Several functionalities have been added in Madagascar for parallel computing on clusters with distributed memory. The SConstruct files have to be run with pscons instead of scons. The command pscons is a wrapper for the use of SCons with the option -j. The environment variables $RSF_THREADS and $RSF_CLUSTER respectively provide to pscons the number of threads and the address list of the nodes you want to use for your computation.
Options in the SConstruct file
1 - Computing on the local node only by using the option local=1
By default, with pscons, SCons wants to run all the commands of the SConstruct file in parallel. The option local=1 forces SCons to compute locally. It can be very useful in order to prevent serial parts of your python script to be run inefficiently in parallel.
<python> Flow('spike',None,'spike n1=100 n2=300 n3=1000',local=1) </python>
2 - Computing on the nodes of the cluster specified by the environment variable $RSF_CLUSTER
<python> Flow('radon','spike','radon adj=y p0=-4 np=200 dp=0.04',split=[3,1000],reduce='cat') </python>
The option split instructs Flow to split the input file along the third axis of length 1000. If you have several source files and want to split only some of them, say the first and the third one, the option to use will be split=[3,1000,[0,2]].
If we choose $RSF_THREADS=26, we obtain, as an itermediate result in the local directory, the files spike__0.rsf, spike__1.rsf, ..., spike__25.rsf, which are sent and distributed for computation on the different nodes specified by $RSF_CLUSTER. After the parallel computation on the nodes, the resulting files radon__0.rsf, radon__1.rsf, ..., radon__25.rsf, are recombined together to create the output radon.rsf. The parameter reduce selects the type of recombination. Two typical options are reduce='cat' or reduce='add'.
3 - Computing in parallel without using any option
This choice is appropriate when you write a python loop in your program and want it to be run in parallel. This is a way, as well, to speed up sequential parts of your program. However, the user should make judicious decisions as it can have the opposite effect. Indeed, in a serial part of the program, the second command has to wait for the first to finish the run on a different node and to communicate it.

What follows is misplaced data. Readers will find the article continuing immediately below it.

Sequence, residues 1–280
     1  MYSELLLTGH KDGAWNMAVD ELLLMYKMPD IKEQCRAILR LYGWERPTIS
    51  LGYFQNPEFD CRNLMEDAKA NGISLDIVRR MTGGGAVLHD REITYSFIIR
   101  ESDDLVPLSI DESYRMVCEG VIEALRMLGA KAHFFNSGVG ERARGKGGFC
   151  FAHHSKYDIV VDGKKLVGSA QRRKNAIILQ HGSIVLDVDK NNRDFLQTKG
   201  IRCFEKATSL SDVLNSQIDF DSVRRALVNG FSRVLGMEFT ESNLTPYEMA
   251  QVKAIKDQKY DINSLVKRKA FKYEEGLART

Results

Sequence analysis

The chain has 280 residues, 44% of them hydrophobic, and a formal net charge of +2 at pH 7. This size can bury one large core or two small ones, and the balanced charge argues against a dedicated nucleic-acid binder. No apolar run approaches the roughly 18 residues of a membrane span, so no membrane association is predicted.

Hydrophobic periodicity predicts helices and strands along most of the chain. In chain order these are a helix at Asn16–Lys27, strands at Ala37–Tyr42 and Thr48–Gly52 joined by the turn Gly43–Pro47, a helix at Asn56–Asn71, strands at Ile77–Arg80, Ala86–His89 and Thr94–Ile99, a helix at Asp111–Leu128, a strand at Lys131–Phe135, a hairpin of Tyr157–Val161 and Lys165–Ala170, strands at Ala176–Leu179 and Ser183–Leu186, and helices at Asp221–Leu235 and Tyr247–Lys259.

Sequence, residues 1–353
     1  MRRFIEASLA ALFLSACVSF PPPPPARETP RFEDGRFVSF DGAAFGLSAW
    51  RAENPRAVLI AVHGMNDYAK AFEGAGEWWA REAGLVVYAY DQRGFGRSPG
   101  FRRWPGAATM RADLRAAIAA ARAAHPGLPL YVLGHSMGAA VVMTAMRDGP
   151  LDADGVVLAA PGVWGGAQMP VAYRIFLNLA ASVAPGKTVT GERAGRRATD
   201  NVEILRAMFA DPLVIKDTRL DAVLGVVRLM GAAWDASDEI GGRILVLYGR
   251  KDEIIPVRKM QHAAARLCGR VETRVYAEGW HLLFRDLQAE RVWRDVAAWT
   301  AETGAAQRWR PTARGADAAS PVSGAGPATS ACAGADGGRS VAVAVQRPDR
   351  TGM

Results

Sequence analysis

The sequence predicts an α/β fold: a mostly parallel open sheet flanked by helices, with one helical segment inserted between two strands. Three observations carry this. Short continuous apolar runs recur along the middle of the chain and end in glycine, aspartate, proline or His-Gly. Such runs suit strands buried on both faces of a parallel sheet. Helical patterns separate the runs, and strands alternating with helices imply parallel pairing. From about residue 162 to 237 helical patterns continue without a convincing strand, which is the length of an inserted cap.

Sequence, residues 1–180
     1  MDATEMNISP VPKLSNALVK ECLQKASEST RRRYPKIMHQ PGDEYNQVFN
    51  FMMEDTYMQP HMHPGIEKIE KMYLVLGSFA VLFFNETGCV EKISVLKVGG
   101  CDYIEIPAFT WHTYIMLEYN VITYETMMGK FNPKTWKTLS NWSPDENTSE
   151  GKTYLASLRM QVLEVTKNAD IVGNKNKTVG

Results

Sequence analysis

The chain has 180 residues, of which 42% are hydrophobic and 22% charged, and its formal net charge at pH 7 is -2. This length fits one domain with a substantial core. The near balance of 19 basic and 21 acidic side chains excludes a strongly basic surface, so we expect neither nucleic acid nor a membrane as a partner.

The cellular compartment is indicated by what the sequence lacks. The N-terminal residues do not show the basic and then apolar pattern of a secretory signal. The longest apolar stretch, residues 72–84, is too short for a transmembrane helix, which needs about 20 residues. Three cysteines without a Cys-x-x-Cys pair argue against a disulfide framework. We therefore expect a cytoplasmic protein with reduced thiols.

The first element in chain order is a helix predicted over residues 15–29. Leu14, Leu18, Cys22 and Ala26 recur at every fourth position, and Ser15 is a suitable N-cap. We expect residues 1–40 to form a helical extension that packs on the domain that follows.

<python> Flow('spike',None,'spike n1=100 n2=300 n3=1000') Flow('radon','spike','radon adj=y p0=-4 np=200 dp=0.04') </python>
Setting the environment variables
In our example, we used 26 threads and send them on 4 nodes, using respectively 6 CPUs on the first node, 4 CPUs on the second, and 8 CPUs on each of the last two nodes.
<bash> export RSF_THREADS=26 export RSF_CLUSTER='220.127.116.11 6 18.104.22.168 4 22.214.171.124 8 126.96.36.199 8' </bash>
One important setting is to properly manage the temporary files location specified by $TMPDATAPATH and the data storage location specified by $DATAPATH . The temporary files used during the computation have to be stored locally on each node to avoid too much communication between the hard disks and the nodes. The paths will depend on your cluster and you can set them in your .bashrc file, for example:
<bash> export DATAPATH=/disk1/data/myname/ export TMPDATAPATH=/tmp/ </bash>
Once your SConstruct file is ready and your environment variables are set, you can use the following suggested procedure. It has been tested and is currently used on a linux cluster.
- Make sure the disk located at $DATAPATH is mounted on the different nodes.
- Test if there is enough space available on the different nodes of the cluster at the location specified by $TMPDATAPATH. This directory may be filled up, if some jobs have been interrupted. Clean this up if necessary.
- Look at what is going on on your cluster with sftop.
- Everything looks good ? Then go and run pscons instead of scons.
- If you need to kill your processes on the cluster, the command sfkill can do it remotely on all the nodes for a specific job command. If you kill your jobs, check it did not filled up the $TMPDATAPATH with temporary files before you run pscons again.
One nice feature of running SCons on clusters is fault tolerance (see relevant blog post).